2. Boise State lost to an unheralded La Salle team in the First Four on Wednesday night. But the Broncos were way ahead of schedule this season. Boise State coach Leon Rice said earlier in the week on ESPNU that he told the administration in the preseason he had no idea how good this team would be by season's end. The Broncos' appearance in the NCAA tournament could be akin to Colorado State's a year ago. The Rams popped up a year early and are back again this season. The Broncos now have to ensure that this season was hardly a fluke -- with the added expectations of repeat NCAA appearance. Rice has done wonders in making Boise State relevant in hoops. There's no reason to believe he won't continue to do so.

3. Two of the biggest winners in this alignment game will ultimately be the fan bases at Creighton and Butler. Just think about the change on the schedule for these two programs. The Bluejays are going from hosting Bradley or Evansville to having Georgetown, Marquette and Villanova come to Omaha, Neb. And within two years, Butler will have gone from hosting Youngstown State to welcoming Georgetown to Indianapolis. Bulldogs coach Brad Stevens said that this will be a challenge for the coaching staffs, which now have to learn new systems and styles on the fly. Butler had to try to figure out the Atlantic 10; now, within a year, the Bulldogs will be in another league, playing a true round-robin schedule.

Observations from Thursday night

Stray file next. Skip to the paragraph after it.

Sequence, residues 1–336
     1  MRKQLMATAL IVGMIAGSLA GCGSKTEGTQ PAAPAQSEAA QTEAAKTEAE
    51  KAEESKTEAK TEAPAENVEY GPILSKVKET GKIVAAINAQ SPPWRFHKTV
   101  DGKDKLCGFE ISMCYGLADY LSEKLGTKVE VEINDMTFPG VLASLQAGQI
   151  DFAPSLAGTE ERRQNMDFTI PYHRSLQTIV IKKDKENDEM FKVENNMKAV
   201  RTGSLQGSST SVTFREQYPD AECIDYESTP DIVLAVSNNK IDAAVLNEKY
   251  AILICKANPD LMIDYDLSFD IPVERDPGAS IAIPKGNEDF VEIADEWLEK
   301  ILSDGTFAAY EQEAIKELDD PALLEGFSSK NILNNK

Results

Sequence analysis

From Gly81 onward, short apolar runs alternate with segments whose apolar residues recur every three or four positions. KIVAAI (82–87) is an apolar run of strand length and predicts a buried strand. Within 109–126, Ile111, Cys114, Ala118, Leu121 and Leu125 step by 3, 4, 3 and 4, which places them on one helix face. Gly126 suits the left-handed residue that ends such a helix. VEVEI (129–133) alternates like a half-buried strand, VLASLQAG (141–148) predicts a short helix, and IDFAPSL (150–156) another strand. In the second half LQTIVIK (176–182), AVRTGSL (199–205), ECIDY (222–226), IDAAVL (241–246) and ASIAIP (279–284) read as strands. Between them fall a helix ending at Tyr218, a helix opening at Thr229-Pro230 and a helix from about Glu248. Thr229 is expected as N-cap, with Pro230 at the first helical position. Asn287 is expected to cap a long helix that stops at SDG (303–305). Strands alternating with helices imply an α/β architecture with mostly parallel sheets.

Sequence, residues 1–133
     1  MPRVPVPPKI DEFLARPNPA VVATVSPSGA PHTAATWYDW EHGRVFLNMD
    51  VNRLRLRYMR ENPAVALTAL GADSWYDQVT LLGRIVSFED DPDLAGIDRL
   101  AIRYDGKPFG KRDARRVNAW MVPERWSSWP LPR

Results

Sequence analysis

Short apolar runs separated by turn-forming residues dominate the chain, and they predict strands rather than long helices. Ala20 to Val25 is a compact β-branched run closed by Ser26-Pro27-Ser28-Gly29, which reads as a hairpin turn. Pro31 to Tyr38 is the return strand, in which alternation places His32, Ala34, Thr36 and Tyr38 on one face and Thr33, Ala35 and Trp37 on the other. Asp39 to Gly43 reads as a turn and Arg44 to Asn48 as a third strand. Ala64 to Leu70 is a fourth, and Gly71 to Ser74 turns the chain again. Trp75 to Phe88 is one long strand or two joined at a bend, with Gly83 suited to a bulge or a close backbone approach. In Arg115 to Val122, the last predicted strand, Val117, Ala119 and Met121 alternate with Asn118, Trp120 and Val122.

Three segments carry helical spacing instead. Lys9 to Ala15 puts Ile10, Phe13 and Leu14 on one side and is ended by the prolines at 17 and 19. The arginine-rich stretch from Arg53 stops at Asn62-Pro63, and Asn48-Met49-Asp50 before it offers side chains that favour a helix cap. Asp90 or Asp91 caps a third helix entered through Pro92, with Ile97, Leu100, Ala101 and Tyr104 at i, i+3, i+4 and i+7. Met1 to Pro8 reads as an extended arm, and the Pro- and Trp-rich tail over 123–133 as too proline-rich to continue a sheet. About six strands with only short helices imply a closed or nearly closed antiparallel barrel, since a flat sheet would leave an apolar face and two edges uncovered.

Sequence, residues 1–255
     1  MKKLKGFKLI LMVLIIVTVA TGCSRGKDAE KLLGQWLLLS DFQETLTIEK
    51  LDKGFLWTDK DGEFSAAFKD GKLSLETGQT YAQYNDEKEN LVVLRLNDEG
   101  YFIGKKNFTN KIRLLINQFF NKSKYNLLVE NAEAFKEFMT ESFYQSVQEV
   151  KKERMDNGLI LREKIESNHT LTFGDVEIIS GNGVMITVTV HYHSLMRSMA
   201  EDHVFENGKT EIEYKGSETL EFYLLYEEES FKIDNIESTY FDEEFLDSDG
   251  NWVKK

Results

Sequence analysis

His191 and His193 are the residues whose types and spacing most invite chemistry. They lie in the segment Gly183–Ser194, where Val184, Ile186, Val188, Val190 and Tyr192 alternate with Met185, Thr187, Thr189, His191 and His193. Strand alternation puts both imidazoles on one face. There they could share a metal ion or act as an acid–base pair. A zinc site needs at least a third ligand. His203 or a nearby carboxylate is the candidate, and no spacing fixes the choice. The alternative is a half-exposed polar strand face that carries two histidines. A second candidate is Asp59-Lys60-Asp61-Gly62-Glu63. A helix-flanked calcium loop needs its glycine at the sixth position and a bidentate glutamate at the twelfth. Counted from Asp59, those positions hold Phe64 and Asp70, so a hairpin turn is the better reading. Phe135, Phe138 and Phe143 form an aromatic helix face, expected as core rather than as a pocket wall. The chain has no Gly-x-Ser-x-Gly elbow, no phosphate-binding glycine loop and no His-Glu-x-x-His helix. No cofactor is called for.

March, 8, 2013
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John Calipari has tried numerous tactics in recent weeks to light a spark within his Kentucky basketball team. One afternoon, he even staged an impromptu dodgeball game to loosen the mood and improve chemistry.

Nothing has worked.

Thursday’s 72-62 loss at Georgia marked the fourth defeat in the past seven games for the Wildcats, who will probably need to beat Florida in Saturday’s regular-season finale to have any shot of making the NCAA tournament.

Center Willie Cauley-Stein shrugged his shoulders when he was asked what Kentucky could do to turn things around.

“Have faith?” he said. “Go to church? Maybe that’s what we need to -- go to church as a team and pray for each other.”

Even divine intervention might not be enough to help the Wildcats at this point. If Kentucky can’t beat Arkansas and Georgia, there is no reason to believe it can get past a Florida squad many pundits have tagged as a Final Four contender.

The Gators defeated Calipari’s team 69-52 in Gainesville on Feb. 12. Nerlens Noel, Kentucky’s best player, tore his anterior cruciate ligament in that contest and UK hasn’t been the same since. Granted, even before Noel’s injury, the Wildcats weren’t very good. Kentucky’s résumé includes very few quality wins -- and a bunch of bad losses.

“I’m mad,” guard Archie Goodwin told reporters after Thursday’s loss. “There’s no way we should lose to Georgia. There’s no way we should lose to Arkansas.

“When we play like we’re supposed to, there’s not anyone in the country we can’t beat. When we play like this, when we play soft as a team, anyone can beat us.”

Calipari, to his credit, said he is to blame for his squad’s collapse.

“I’m so disappointed in the job I’ve done with this team,” he said Thursday night. “I’ve never had a team not cohesive at this time of year. Every one of my teams ... cohesive. Every one of them had a will to win. Every one of them had a fight.

“If this team doesn’t have that, that’s on me.”

[+] EnlargeJosh Scott
Ron Chenoy/USA TODAY SportsJosh Scott and Colorado outmuscled an Oregon team that could've nabbed a share of the Pac-12 title.
Here are a few other observations from Thursday’s games:

1. Does anyone want to win the Pac-12?

UCLA and Oregon entered the week tied for first in the conference standings with two games to play. Somehow, though, UCLA lost to last-place Washington State in Pullman on Wednesday, which meant Oregon could’ve clinched at least a share of the league's regular-season crown by beating Colorado on Thursday.